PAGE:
Validating Customer Generated Comments on Blogs and the Web
Mary Beth Weber is Executive Vice President for SigmaValidation. I recently saw her presentation on marketing research validation at the American Marketing Association Marketing Research conference in Boston in September. I wanted to interview Mary Beth about her thoughts on the validity of customer feedback data on forums and blogs.
I have come to understand that several companies have gained product development knowledge from the use of blogs, Macromedia, Microsoft and Intuit are several companies who are really using blogs to get feedback from their customers. Since gaining that understanding I’ve posed a question for myself about such customer generated data online, I'd like to understand how a traditional market researcher views such data and its validity. After seeing Mary Beth's presentation I thought she would be the perfect person to answer this question.
John: Tell me what you think about customer data generated through blogging or consumer generated online media?
Mary Beth: I think if someone is going to blog about a company or product, they will have had either an exceptionally good experience or an exceptionally bad experience. So if you are listening to customer bloggers you may think you have more problems than good, as typically people are more motivated to express their bad experiences.
For example, my sister recently had a problem with her car, she went to Google and found a website where people put down their complaints, and found other people who had similar problems with their cars. Today when I am thinking about a product, I go online and find other consumers who have used the product. I recently pre-ordered an outdoor toy at a Toys r Us store that was not in stock. After placing the order, I looked the toy up online and found a lot of complaints about the product, so I went back to the store and cancelled my order. With the easy access to the web, I am getting to the point where I base my purchases on how people rate things. I'd advise any company to give people the ability to rate products online -- after a customer purchases a product, the company should send a follow-up email shortly after delivery, and ask for a rating.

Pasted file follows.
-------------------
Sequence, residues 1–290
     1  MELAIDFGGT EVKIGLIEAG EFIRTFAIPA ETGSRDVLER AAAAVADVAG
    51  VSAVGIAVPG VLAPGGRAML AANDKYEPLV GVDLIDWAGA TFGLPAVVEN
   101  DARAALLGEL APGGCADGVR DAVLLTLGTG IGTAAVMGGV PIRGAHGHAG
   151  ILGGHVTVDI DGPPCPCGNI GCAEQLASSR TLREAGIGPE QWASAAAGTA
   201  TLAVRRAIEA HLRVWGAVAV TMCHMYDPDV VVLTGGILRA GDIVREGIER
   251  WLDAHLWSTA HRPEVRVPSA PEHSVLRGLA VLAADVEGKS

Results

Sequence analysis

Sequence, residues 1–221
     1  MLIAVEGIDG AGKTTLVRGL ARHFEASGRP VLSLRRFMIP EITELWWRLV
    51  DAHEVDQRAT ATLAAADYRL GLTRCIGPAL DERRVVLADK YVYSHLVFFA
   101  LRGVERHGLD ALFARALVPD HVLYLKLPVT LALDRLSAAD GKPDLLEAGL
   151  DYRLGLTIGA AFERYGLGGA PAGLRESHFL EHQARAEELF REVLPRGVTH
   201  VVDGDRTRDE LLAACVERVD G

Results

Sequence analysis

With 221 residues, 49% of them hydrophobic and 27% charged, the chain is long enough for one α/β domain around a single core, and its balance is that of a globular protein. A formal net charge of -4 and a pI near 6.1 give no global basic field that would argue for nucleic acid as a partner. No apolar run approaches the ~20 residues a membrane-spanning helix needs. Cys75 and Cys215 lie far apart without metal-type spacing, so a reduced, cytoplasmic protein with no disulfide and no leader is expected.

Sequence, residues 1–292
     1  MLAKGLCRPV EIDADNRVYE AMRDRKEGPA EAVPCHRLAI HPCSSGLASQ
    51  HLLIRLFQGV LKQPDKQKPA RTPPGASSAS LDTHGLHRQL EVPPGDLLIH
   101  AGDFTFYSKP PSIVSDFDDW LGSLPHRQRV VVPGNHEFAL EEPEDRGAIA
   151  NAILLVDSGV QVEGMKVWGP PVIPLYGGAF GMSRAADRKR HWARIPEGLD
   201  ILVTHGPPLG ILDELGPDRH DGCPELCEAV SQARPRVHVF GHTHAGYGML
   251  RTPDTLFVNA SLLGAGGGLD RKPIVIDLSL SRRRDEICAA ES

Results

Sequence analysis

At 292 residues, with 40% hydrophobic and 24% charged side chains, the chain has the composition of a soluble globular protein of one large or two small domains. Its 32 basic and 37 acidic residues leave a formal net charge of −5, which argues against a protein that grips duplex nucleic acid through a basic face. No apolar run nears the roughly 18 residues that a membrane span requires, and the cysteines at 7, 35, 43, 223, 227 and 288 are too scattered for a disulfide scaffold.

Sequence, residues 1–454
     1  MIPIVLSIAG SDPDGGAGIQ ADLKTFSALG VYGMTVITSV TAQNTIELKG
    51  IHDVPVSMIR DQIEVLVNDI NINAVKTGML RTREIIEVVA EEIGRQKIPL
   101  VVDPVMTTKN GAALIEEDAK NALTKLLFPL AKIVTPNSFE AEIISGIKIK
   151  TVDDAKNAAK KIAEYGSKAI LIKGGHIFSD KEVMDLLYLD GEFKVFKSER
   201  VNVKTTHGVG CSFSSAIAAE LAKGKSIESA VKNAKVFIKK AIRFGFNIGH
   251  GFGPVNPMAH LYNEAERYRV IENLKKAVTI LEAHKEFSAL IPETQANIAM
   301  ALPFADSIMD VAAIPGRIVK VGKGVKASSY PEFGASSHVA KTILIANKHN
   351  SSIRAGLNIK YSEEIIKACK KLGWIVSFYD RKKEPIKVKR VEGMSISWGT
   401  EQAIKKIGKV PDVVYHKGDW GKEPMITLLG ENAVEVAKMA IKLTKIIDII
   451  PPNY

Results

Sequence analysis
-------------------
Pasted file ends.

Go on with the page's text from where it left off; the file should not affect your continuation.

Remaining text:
John: You sound really passionate about shopping and being a consumer, how do you think a company should handle complaints and getting feedback from customers?
Mary Beth: I'd recommend a company send a survey to a customer after they make a purchase. If you ask everyone who purchases a product about their experience, a company will be more likely to receive a balanced overview from customers -- otherwise; the company might receive more bad ratings than good, since consumers are more likely to take action about a bad experience. If someone prompted me, I would definitely respond. That recently happened for me at overstock.com -- the company asked me to rate a feather bed I had purchased -- I would have never thought to rate this product, but I gave my opinion just because they asked. Overstock.com has not asked me to rate other products I have purchased at the site, so I have not rated them. The point should be for companies to proactively ask customers their opinion.